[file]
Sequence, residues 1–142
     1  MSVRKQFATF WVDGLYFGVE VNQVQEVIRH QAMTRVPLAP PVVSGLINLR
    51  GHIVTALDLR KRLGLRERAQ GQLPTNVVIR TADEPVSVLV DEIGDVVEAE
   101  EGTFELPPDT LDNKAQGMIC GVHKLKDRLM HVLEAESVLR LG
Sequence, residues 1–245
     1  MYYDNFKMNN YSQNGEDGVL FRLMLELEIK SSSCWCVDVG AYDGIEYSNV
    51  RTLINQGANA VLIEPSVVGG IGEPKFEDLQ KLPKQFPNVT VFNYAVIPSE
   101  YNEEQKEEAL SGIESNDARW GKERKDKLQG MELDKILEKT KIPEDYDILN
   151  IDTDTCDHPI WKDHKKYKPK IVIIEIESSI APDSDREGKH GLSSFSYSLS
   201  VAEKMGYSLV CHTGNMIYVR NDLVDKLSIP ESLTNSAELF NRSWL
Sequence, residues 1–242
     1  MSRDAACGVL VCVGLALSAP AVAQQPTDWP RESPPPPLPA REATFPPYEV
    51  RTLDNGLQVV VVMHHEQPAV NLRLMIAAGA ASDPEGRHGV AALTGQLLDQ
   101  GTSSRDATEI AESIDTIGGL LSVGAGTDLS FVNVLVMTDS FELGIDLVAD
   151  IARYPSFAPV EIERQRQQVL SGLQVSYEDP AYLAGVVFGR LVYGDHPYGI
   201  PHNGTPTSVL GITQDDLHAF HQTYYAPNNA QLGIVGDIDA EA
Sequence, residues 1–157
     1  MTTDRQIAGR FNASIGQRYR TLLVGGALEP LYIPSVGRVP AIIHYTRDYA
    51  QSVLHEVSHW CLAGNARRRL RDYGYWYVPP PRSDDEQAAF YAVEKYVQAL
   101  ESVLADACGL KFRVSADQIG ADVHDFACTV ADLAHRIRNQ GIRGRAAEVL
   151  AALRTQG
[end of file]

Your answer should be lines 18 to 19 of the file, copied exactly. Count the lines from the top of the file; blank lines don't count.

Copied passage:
     1  MTTDRQIAGR FNASIGQRYR TLLVGGALEP LYIPSVGRVP AIIHYTRDYA
    51  QSVLHEVSHW CLAGNARRRL RDYGYWYVPP PRSDDEQAAF YAVEKYVQAL